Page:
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The society planned general commerce including the fur trade, vineyards, linen manufacture, fisheries, glassworks, brick kilns, tanneries, mining operations and assistance to the Indians in making settlements. It obtained 400 acres within the city of Philadelphia and bought from Penn 20,000 acres in the country.

Within six weeks of the charter, shares had been allotted to over 200 subscribers, in minimum units of half of a £50 share, at five per cent deposit. The equivalent of 108 shares was subscribed initially and this may have increased very quickly to 160 or even 200. Penn’s eldest son and many of his friends became large shareholders. According to a letter from the treasurer, James Claypoole, the society planned to call two tranches of 25 per cent of the nominal price per share in 1682 and the remaining 50 per cent in 1683.

The initial subscribers were mainly in England, but it was intended rapidly to transfer the company’s domicile to Pennsylvania, to obtain ratification of the charter from the Pennsylvania assembly, and to give enhanced voting rights to shareholders resident in the province or owning at least 1000 acres of its inhabited land.

The society’s first president, Nicholas More, was well received in Pennsylvania and was appointed to several provincial offices – secretary of the provincial council, speaker of the assembly and a provincial judge.

Despite this, the provincial assembly declined to ratify the society’s charter, and it was apparently not regarded as a corporation under Pennsylvanian law, for lawsuits were later brought against individual officers, not the society itself. The society’s subscribed funds were spent on real estate bought from Penn and on English goods, many of which were sold on credit.

As early as 1683 Treasurer Claypoole wrote a bold letter to William Penn saying that some people would say they had been induced to subscribe by Penn’s charter and had been cheated.

Despite Penn’s efforts to support and encourage the society, the Indian trade failed to develop, the society suffered losses from bad debts, and Nicholas More – a difficult man – was replaced as president and fell into disgrace as a judge. In a dispute with the assembly, he became the subject of America’s first articles of impeachment in 1685, but Penn and the Provincial Council refused to sanction the proceedings, and More was restored to office. The society became involved in bitter disputes and litigation, and it soon largely ceased business except as an owner of real estate. By 1704 the society was being referred to as ‘the old Pennsylvania company’ and it drifted towards its eventual dissolution in 1723.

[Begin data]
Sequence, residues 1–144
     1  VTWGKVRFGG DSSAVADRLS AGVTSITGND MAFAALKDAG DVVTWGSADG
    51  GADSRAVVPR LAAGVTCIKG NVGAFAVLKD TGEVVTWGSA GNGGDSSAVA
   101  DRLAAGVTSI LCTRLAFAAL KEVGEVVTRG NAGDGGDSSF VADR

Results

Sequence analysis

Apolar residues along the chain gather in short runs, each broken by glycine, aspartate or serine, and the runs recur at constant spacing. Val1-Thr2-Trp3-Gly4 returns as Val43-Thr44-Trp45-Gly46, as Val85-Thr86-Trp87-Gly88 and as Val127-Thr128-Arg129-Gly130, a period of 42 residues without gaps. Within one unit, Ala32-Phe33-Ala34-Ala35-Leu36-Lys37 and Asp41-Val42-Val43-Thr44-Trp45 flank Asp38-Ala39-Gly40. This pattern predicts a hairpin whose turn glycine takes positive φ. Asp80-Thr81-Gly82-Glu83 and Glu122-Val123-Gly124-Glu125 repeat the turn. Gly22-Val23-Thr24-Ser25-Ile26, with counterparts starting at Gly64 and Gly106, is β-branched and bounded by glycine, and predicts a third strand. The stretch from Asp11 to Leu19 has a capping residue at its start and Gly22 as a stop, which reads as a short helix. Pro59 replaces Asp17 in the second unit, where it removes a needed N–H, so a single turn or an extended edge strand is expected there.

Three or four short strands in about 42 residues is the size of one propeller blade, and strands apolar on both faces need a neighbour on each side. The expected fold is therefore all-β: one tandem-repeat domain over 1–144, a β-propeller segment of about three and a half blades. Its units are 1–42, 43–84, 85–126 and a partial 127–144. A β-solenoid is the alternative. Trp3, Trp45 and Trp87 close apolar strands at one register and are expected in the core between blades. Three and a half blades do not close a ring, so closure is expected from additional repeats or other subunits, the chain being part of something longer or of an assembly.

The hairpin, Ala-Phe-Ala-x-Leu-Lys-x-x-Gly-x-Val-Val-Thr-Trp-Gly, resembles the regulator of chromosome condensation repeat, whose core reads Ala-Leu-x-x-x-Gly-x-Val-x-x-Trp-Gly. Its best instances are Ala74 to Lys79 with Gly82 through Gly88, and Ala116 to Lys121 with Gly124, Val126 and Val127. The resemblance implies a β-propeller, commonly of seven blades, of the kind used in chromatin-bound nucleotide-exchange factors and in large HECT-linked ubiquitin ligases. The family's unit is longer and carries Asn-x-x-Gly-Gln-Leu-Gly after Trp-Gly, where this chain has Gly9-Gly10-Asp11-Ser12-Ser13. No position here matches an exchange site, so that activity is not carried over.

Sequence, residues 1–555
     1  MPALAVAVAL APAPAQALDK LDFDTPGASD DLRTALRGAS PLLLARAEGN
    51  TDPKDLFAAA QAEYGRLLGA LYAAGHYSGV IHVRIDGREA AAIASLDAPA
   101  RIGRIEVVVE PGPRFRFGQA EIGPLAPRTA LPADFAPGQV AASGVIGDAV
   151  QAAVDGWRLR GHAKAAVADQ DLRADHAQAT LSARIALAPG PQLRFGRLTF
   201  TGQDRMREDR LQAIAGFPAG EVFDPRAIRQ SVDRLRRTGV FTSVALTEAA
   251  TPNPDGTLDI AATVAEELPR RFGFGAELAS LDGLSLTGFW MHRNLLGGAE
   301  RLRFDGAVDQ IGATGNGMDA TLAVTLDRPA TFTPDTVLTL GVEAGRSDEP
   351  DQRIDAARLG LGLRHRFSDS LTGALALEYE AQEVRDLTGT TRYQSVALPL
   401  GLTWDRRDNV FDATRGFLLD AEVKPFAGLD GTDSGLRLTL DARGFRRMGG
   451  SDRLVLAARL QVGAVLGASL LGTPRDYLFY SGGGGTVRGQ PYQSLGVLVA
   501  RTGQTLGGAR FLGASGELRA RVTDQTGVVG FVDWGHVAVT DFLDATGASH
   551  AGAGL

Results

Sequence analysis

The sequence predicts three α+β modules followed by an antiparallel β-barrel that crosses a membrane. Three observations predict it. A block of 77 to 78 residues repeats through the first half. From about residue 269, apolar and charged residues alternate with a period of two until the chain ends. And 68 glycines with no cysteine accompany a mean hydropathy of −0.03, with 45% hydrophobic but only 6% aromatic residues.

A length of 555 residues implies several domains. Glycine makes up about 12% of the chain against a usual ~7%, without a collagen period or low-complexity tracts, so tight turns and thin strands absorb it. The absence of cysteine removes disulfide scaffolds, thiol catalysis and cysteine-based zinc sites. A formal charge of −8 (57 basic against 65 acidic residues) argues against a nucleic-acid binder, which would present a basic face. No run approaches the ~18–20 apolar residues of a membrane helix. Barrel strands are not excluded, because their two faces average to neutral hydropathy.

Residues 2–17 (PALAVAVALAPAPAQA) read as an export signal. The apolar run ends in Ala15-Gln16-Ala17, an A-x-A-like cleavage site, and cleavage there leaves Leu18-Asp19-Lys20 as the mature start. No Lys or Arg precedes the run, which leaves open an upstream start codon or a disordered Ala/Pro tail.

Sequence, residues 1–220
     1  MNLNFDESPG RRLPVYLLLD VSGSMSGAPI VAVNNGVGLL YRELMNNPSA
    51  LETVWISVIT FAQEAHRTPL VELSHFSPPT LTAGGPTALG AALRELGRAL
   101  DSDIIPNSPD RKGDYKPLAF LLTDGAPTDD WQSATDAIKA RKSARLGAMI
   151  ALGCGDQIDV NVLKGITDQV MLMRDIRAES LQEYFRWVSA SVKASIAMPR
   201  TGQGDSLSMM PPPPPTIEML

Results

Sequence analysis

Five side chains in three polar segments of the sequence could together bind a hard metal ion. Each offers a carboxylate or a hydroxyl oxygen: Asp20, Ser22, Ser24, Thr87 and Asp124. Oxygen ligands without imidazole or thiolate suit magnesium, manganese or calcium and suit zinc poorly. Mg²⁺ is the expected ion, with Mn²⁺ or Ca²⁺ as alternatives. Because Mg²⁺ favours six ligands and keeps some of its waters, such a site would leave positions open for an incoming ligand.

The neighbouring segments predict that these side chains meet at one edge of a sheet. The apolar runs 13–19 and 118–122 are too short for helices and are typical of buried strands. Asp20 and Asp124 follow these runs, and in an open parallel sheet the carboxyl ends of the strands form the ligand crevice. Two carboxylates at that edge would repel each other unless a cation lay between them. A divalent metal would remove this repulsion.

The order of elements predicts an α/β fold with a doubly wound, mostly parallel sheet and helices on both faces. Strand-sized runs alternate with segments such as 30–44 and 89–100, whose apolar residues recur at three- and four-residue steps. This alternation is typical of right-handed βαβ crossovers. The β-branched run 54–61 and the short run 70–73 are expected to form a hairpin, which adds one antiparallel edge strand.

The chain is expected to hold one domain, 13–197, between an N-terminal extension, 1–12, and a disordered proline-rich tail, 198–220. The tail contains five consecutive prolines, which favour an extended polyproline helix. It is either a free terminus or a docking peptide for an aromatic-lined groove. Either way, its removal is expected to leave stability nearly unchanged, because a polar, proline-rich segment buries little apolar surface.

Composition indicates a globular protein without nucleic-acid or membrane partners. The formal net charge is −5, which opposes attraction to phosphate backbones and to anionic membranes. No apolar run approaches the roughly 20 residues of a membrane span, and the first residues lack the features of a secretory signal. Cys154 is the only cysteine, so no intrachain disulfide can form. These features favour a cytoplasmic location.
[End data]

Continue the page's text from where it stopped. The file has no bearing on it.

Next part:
Brian Mills (The International Bond & Share Society. Tel: 01737 842833)

Pictured: This share receipt of the Free Society of Traders in Pennsilvania (sic), issued in London in 1683, is expected to make the highest auction price ever paid for an antique English company share document, when it is offered by RM Smythe & Co in New York on July 29.

The record hammer price of DM70,000 (£26,000 at the time) is currently held by an East India Company share document sold at a German auction in 1989.

Only two examples of the Free Society piece are known to be in collectors’ hands. They reached the scripophily market via an estate auction in Pennsylvania two years ago. One of these two achieved a hammer price of $36,000 (£25,000), against an estimate of $2000-$3000, when sold by the specialist auctioneers RM Smythe & Co in March this year.

This second piece will go under Smythe’s hammer at the Algonquin Hotel in New York City on July 29. Although in somewhat poorer condition than the one already sold, it is estimated at exactly ten times the previous lot’s estimate, now that more is known about its historic background.